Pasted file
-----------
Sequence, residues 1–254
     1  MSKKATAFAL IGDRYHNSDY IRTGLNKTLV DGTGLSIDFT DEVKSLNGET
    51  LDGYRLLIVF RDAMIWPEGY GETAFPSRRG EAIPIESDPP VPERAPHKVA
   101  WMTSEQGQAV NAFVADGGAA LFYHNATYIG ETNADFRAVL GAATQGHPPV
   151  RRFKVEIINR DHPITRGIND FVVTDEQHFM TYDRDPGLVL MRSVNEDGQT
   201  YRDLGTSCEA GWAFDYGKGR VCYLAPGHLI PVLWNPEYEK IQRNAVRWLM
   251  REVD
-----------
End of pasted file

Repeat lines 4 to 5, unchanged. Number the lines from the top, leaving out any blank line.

   101  WMTSEQGQAV NAFVADGGAA LFYHNATYIG ETNADFRAVL GAATQGHPPV
   151  RRFKVEIINR DHPITRGIND FVVTDEQHFM TYDRDPGLVL MRSVNEDGQT